But what makes these guys special? Because they are great in maddeningly different ways. Saban is a manic, relentless, iron-forged control freak. Dabo? An engaging, passionate, inspiration-soaked Mascot-CEO. Urban? A slippery, battle-hungry offensive mastermind with an eye for weaponry. Kirby? Well, we’re not sure yet, but he sure seems Smart (I’ll see myself out). All different, and all the same, but in what ways? Where in this misty ineffability does the stuff of a Head Coach emerge?! I’m not sure, but I have my musings, and those musings their murky conclusions.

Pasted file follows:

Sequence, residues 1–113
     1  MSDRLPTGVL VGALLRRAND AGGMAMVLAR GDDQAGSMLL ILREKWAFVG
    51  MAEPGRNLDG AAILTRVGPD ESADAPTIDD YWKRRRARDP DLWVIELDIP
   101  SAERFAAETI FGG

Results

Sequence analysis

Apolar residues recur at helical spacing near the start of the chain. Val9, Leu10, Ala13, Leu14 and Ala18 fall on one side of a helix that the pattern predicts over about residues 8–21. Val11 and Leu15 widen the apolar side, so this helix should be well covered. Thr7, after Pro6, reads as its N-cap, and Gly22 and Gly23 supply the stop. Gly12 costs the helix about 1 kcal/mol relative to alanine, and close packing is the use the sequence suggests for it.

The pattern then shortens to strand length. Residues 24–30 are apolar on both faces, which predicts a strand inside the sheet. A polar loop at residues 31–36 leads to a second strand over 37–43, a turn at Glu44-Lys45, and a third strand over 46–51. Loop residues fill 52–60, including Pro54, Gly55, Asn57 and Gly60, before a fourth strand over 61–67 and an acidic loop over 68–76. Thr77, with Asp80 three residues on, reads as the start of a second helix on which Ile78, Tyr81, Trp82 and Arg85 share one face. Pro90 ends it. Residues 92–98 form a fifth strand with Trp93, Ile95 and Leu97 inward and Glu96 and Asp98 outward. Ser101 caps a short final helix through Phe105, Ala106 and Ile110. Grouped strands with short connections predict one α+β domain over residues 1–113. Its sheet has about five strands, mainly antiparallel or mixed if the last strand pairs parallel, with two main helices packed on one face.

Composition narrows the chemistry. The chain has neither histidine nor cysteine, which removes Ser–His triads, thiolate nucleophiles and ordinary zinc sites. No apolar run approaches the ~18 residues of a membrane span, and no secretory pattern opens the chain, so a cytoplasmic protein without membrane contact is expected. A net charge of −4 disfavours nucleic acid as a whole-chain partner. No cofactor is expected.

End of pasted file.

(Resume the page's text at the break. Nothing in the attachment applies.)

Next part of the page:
First, it starts with, as Bagger Vance poetically puts it, “seeing the field”. So many of these “next big things” are stuck in the rise-and-grind tinkering of a top-flight offensive or defensive coordinator. They swallow film, regurgitate game plans, and then call someone to clean up the mess. Their’s is a life of minutiae, of addictive, suffocating focus. They often don’t answer to the press, lead the recruiting charges, or glad-hand with boosters. For Pete’s, they probably don’t spend more than ten minutes a week thinking about the success of the other units on their own football team. That’s just the job. But it doesn’t prepare them for HeadCoachinghood any more than teaching math prepares you to be a principal. Head coaches have to be able to take a step back, and see the field. To have the breadth to notice everything, the discretion to prioritize it, and the sense to delegate it, all while meeting with boosters and handling Thursday Night Call-in Shows. It takes a Presidential type of awareness.